Please note however, you'll need to work with the auto regulator 90 PSI isn't a true inflation to 90 PSI.
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Old 08-21-2015, 06:15 AM   #23
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Sorry guys, I didn't think anyone would be inflating a 22.5" tire from being totally flat out on the road but were looking for something to "top off" a tire that was just slightly low on pressure. I assumed that if you have a "flat" tire you are going to change it and if it's a 22.5" that you're going to pay someone to help. But now that I understand the situation I can see where you would want something to bring along that would have a big enough tank on it to fill a tire quickly without delay. The "Porter Cable" compressor seems to be the compressor people like, and that brand is widely available at various outlets.
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Old 08-21-2015, 01:20 PM   #24
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We picked up a nail while driving. The TPMS warned us of the issue. We were close to town so managed to get to a Walmart parking lot. Tire store was just across the street but closed for the day.

By the next morning the tire was quite low. Used the pancake compressor to pump it back up and then drove across to the tire store. Took about 10 minutes to bring the tire up.

Glad for the TPMS and the compressor. Tire repair was $47.
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Old 08-22-2015, 08:24 AM   #25
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I use the Kobalt 3 gal compressor also, I think I paid about $150 for it. Works great!
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Old 08-22-2015, 09:32 AM   #26
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We have had the Sears/Porter Cable 150 PSI compressor for nearly 3 years and have had great performance from it. Inflating our front tires up to 110-115 PSI takes a bit more time but that should be expected.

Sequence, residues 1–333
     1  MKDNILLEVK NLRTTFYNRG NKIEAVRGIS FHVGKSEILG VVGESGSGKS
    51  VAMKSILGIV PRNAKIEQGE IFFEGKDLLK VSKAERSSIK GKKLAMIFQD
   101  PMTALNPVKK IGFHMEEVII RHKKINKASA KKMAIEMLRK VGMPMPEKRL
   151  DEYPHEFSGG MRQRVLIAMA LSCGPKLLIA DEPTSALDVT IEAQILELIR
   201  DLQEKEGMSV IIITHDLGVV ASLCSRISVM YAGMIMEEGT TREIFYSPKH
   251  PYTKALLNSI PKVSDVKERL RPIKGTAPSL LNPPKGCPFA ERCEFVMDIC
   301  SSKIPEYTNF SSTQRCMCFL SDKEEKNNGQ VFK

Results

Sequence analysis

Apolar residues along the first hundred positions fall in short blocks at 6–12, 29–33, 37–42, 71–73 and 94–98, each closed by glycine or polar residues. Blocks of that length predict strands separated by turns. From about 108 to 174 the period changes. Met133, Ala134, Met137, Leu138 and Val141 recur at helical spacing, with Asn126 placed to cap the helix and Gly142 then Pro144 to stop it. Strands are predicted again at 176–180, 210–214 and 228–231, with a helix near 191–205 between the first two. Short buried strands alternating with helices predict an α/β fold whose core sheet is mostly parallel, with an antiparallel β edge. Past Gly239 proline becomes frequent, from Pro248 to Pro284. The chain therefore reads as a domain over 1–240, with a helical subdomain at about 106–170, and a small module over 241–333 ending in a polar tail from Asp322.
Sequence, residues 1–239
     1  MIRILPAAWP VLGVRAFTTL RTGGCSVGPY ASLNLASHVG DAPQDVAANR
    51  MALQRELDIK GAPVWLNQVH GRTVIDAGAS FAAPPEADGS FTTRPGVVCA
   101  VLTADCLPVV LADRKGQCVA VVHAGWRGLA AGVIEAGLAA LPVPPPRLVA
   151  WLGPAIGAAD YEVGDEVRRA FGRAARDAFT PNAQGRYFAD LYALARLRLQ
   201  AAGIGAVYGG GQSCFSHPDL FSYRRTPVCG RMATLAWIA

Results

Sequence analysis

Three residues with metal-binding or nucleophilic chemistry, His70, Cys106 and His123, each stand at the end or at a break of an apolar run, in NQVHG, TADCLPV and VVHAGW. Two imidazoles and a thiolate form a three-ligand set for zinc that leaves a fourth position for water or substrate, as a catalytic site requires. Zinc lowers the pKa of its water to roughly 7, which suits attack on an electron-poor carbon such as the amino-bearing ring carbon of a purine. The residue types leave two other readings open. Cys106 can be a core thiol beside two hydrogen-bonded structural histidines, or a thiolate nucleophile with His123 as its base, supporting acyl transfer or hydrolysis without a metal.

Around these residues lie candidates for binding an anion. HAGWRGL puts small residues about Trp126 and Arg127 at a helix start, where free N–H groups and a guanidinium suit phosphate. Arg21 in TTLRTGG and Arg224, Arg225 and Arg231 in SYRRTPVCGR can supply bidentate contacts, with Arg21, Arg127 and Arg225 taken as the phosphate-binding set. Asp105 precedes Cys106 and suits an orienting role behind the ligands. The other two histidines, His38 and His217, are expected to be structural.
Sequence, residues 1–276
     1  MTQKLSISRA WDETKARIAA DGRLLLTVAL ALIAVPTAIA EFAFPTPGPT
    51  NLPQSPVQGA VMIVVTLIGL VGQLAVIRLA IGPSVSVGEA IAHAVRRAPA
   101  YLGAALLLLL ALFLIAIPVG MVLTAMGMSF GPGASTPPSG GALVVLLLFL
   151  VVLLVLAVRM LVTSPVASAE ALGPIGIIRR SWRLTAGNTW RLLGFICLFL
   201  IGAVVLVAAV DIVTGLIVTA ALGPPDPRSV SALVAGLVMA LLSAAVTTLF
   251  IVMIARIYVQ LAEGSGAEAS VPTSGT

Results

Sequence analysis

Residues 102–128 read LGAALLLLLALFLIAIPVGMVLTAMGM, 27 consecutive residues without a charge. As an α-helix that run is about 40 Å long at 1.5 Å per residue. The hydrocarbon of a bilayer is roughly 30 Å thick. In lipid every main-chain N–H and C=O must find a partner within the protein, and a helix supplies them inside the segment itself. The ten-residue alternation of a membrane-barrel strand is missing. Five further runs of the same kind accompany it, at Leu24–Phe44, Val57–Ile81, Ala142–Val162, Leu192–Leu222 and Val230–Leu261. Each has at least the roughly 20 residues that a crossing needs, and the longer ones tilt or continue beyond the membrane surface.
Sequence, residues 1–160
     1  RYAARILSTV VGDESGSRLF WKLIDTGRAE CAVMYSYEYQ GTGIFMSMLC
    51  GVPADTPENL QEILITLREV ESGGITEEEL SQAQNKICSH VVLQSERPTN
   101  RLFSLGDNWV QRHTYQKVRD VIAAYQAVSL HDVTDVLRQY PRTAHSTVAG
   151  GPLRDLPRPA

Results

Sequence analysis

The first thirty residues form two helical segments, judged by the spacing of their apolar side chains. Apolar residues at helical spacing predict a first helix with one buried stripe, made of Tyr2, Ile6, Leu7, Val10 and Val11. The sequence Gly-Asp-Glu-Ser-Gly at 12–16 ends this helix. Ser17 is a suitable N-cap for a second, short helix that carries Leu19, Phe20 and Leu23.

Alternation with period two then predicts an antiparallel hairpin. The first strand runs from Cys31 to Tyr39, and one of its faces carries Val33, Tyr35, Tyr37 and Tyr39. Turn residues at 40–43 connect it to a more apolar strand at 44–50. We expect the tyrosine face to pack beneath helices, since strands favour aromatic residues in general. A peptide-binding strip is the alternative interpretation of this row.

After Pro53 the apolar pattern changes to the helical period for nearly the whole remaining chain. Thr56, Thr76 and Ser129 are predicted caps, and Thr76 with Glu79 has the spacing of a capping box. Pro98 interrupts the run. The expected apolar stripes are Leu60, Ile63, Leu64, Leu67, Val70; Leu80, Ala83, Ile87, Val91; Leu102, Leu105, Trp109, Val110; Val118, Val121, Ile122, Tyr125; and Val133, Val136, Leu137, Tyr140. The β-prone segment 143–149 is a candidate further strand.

I like portable compressors over the coach compressor because I prefer the control and higher pressure it has over the coach's compressor system. I do carry a 50' compressor hose in case I need to use my coach's compressor but haven't used it yet.

I'm a tad concerned about inflators performance but I like the compact size. The RVGEEKS put out a video with an inflator they have reviewed. Currently, assuming it works as reviewed/advertised, my only beef with it is that it uses 12V. Getting to all tires on a long coach with the relatively short power leads would require a long hose.
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Old 08-23-2015, 03:10 AM   #27
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Frm Sky Boss,
"I'm a tad concerned about inflators performance but I like the compact size. The RVGEEKS put out a video with an inflator they have reviewed. Currently, assuming it works as reviewed/advertised, my only beef with it is that it uses 12V. Getting to all tires on a long coach with the relatively short power leads would require a long hose."


I'm about ready to install a kit made for plumbing an air system in a garage on the coach. I'll still carry a portable compressor for emergency use, but for the tires, i'll use onboard air with an equalizer hose.